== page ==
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US AIRFORCE GUILTY OF VIOLATIONS OF INTERNATIONAL LAW: Documentary reveals US Air Force unit recruits gamers to kill with drones in Pakistan


Documentary reveals US Air Force unit recruits gamers to kill with drones



18 April, 2014




A new documentary by Norwegian filmmaker Tonje Hessen Schei called “Drone which premiered in Europe on April 15”, reveals that regular US Air Force Unit from Nevada took part in CIA assassination program in Pakistan and recruited gamers for this purpose.
The documentary, which took three years to make, tells the stories of several former drone pilots who conducted CIA targeted killings in Pakistan’s tribal areas. All of them are officers of the regular Air Force Unit and not the civilian contractors, whom the CIA usually employs to fly the Predator missions in Pakistan, RIA reports. The documentary also shows that young gamers were recruited to operate drones. In the film, we look at how militaries now across the world are targeting gamers in their recruiting strategies.
“The US military has been doing this for a long time with games like America’s Army. And in the film, we visit several Scandinavian gaming conferences, where the militaries very actively recruit gamers as our new warriors for the modern warfare not just drone war, but also cyber warfare”, film’s director Tonje Hessen Schei told in an interview to Democracy Now on Thursday.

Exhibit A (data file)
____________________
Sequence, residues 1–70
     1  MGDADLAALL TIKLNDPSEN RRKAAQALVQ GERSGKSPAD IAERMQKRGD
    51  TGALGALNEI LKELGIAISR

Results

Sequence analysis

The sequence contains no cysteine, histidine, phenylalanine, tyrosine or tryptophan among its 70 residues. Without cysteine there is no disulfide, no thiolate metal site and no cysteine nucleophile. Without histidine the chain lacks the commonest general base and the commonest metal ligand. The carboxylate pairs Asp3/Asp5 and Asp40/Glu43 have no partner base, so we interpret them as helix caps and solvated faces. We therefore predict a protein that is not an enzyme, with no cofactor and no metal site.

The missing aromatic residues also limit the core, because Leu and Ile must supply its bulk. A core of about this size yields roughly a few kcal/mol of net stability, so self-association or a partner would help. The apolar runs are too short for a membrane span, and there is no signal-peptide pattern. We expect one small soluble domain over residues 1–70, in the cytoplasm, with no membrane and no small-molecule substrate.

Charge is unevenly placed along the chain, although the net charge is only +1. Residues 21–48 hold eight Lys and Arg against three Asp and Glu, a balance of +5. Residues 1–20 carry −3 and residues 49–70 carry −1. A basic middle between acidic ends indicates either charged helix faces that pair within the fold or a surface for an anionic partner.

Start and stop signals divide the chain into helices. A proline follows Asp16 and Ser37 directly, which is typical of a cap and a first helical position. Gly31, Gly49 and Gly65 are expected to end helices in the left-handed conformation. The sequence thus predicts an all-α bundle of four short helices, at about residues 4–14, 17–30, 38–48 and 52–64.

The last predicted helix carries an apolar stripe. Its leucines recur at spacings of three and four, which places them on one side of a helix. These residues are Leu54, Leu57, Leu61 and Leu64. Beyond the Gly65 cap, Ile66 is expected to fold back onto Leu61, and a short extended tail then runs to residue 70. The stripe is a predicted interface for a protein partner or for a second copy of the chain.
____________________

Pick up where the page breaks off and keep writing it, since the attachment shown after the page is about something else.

The US started unmanned aerial vehicles strikes during the George W. Bush administration in 2004. Under President Barack Obama the frequency of attacks has increased significantly. According to the London-based Bureau of Investigative Journalism, up to 3,613 people, including at least 416 civilians, have been killed in drone strikes since the launch of the first operation.
US drone campaigns are widely condemned by the international community. The Pakistani government sees them as a violation of territorial integrity and has repeatedly called for an end to the strikes. In December, the United Nations passed the resolution urging the US and other countries that use drone strikes for counter-terrorism in foreign territories to comply with international law, underscoring the need for an agreement among member states on legal questions about drone operations.


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